Managing a Post-Normal Science Project within Horizon 2020: Dream, Nightmare or Both?

Sandra Bukkens (project manager)

In this article, I briefly elaborate on what made MAGIC management a ‘unique’ experience.  

Probably one of the main characteristics of a post-normal science project is that there is not, and cannot be, a pre-determined plan. In post-normal science, the course of action is flexible and shaped by the stakeholder engagement. Policies and innovations of interest, relevant stakeholders, and engagement opportunities are unpredictable and fluid.  While the philosophy of post-normal science research closely adheres to the recommendation of the Commission for Responsible Research and Innovation, notably its emphasis on public engagement, it is incompatible with the Commission’s vision of a Grant Agreement, which resembles more of a five-year Soviet plan. This has been particularly problematic in MAGIC, where the public engagement was set to take place in the pre-analytic phase. How to co-create the research plan without having to continuously resort to amendments? Fortunately, there (still) is a human face behind the EC participant portal, which helped to resolve some of these problems!

The impacts strived for by the project—awareness, changes in mindset, attitude, and connectivity of policymakers—do not easily let themselves capture by numerical indicators, patents or other tangible outcomes. Especially not if this change is to take place within the Commission itself. Impacts strived for by MAGIC are largely imperceptible on the surface, but nonetheless of great significance. A quote from a retired EC policy officer, writing to the project coordinator (MG) after reading the MAGIC publication on policy legends [1], may illustrate this: “Now I understand a lot better how already then there must have been this “ancien régime syndrome” by which uncomfortable facts are silently and almost unconsciously filtered out to “avoid the unavoidable“ (called “unknown knowns” by MG)”. Note that there is only one key performance indicator (KPI) in Horizon 2020 for Responsible Research & Innovation, i.e. “institutional change”, but this KPI is normally assumed to measure changes everywhere else than within the EC directorates themselves. The inclusion of filters/criteria such as “policy related results” and “raise awareness and possibly influence policy” in the recently created Horizon2020 Results Platform is a promising step forward. Reflexive evaluation by stakeholders could be another solution.

Transdisciplinarity has been quite another test. MAGIC has shown that transdisciplinary research is easier said than done and the ambition of the consortium to jointly develop a novel transdisciplinary approach was a bold one. Indeed, it quickly became evident in the early stages of the project that many of the consortium partners did not quite fully realize what they had signed up for. Transdisciplinary research requires collaboration (which translates in time, patience and trust), an open mindset, and willingness to question business as usual and embark on something new and possibly risky. This involves making compromises and willingness to face uncertainty. In this sense, the project/consortium itself has served as a small-scale experiment for what it pretended to achieve at EC level. MAGIC has shown that genuine change takes time, but that eventually it can be done!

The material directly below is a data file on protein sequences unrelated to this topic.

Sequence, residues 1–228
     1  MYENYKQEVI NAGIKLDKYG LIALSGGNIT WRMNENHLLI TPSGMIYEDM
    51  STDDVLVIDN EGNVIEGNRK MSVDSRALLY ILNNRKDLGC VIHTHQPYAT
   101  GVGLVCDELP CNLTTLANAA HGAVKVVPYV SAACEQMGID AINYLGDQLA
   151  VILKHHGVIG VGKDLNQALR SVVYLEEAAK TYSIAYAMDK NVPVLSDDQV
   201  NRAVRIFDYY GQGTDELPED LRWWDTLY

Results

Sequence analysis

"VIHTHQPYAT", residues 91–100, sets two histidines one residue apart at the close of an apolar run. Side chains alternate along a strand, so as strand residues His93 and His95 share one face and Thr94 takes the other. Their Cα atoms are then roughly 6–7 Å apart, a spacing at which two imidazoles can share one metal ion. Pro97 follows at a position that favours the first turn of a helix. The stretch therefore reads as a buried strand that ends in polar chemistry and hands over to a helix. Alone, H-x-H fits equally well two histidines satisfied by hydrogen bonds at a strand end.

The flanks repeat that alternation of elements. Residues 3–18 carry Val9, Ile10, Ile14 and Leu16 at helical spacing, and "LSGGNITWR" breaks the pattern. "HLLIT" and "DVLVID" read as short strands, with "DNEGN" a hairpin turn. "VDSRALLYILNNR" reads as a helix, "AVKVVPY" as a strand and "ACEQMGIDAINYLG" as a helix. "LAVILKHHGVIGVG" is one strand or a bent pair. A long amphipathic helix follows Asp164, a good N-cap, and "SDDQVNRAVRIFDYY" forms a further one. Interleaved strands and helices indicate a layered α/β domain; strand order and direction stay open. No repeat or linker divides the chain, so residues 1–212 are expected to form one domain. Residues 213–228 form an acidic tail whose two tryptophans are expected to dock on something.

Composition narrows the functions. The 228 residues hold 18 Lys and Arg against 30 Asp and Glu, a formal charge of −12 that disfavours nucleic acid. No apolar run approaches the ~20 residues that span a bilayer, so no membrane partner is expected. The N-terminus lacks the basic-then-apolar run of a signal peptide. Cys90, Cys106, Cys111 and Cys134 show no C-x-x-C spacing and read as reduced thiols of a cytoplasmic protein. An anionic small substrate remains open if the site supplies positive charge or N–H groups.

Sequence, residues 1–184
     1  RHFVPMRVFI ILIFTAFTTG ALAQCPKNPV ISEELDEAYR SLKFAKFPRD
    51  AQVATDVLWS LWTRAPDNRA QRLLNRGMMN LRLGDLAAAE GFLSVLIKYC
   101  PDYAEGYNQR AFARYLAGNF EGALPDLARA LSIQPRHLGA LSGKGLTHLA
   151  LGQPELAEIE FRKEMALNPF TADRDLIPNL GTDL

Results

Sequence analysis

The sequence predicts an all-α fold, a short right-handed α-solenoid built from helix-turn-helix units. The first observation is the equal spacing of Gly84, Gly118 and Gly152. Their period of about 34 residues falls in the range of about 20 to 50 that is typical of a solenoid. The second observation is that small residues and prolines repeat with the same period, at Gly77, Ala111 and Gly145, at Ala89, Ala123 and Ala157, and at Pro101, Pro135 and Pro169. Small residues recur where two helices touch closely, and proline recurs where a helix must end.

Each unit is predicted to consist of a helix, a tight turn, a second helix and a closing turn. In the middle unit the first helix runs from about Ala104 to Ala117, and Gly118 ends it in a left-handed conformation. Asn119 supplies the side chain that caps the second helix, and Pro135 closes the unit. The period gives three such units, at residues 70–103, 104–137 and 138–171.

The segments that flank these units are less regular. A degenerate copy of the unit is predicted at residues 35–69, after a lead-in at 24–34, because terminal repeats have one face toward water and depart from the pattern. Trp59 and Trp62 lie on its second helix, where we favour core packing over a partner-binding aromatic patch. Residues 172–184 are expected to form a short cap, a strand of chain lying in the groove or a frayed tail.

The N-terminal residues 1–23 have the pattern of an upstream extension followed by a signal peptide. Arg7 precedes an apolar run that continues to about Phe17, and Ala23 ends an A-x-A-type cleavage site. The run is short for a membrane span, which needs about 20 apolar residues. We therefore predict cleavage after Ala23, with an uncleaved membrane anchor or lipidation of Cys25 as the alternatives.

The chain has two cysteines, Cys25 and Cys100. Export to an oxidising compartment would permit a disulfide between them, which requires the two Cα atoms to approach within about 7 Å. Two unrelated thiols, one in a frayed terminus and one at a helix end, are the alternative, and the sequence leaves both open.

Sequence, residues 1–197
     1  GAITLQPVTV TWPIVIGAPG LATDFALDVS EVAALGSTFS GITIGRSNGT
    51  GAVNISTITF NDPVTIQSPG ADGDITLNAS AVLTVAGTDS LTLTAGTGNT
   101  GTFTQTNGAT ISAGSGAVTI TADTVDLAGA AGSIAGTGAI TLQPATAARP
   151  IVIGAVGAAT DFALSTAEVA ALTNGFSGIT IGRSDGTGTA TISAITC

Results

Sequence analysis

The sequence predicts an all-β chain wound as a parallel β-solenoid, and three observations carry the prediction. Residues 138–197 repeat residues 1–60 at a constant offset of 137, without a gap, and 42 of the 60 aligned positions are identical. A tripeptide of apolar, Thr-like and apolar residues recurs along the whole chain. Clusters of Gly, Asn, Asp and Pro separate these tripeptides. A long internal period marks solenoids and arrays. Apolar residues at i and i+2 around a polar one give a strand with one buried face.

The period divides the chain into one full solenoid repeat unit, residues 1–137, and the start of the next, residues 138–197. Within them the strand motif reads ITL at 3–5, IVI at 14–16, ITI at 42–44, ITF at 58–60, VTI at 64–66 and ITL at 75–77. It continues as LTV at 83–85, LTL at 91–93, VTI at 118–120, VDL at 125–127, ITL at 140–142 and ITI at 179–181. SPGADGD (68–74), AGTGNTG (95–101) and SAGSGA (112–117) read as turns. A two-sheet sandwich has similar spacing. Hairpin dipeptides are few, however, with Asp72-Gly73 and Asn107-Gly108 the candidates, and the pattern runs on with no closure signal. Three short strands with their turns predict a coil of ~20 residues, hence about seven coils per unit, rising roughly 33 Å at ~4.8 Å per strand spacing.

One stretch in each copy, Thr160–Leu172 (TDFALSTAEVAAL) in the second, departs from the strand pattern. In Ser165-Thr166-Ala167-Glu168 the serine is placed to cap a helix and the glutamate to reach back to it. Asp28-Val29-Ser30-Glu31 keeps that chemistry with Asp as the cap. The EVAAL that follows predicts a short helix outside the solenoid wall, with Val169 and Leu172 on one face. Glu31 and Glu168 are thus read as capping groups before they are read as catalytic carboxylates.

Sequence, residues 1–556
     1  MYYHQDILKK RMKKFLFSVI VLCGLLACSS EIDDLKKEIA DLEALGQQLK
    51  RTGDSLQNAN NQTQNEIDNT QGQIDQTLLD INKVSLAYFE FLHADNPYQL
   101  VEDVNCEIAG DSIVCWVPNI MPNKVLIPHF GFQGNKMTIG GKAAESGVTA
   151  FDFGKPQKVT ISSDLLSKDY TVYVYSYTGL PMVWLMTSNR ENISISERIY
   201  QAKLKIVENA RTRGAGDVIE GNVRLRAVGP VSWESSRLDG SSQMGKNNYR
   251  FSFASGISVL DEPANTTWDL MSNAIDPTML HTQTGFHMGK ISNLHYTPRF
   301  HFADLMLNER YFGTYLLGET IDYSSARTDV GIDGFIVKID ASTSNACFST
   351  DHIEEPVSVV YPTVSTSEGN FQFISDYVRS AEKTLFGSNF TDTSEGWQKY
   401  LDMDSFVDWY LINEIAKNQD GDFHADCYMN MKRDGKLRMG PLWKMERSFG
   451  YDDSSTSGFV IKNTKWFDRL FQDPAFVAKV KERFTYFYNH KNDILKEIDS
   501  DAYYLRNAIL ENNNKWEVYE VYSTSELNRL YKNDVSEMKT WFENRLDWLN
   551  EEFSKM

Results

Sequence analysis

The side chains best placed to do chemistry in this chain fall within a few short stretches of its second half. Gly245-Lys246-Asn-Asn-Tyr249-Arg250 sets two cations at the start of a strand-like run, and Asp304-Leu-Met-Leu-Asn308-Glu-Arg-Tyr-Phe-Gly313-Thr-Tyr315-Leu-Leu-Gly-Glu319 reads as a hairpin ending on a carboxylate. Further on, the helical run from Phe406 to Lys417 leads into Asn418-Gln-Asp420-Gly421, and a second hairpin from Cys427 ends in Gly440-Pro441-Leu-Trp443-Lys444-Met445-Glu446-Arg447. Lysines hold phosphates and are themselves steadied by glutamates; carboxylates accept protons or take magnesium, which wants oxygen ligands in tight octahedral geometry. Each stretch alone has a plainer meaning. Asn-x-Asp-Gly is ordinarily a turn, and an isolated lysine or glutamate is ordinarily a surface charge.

A post-normal science project does not offer optimal solutions nor best courses of action for policymaking. MAGIC’s quantitative story-telling works by exposing untenable assumptions in prevailing (‘politically correct’) narratives, thereby paving the way for the recognition of the relevance of alternative narratives for other social actors. Therefore, results produced by MAGIC, almost by definition, create uncomfortable knowledge for the establishment. This not only is at odds with the expectation from a H2020 project, but also creates a considerable challenge for project communication. MAGIC has seen significant discussion within the consortium regarding the handling of social media and project dissemination at times akin to censorship (”we cannot say that!”). With several beneficiaries in the MAGIC consortium also being involved in other research projects, which evidently demanded more politically correct messages, MAGIC’s communication with the outside has been under continuous scrutiny, not only from the outside, but also from within, notably in the early phases of the project when consortium members had yet to learn to trust each other and assimilate the spirit of post-normal science.

Looking back, now that the project is drawing to an end, I might be inclined to say that MAGIC has been a rewarding adventure, but I rather wait till we have concluded the final reporting …



[1] Giampietro M & Funtowicz SO (2020), 'From elite folk science to the policy legend of the circular economy', Environmental Science & Policy: 109, 64–72.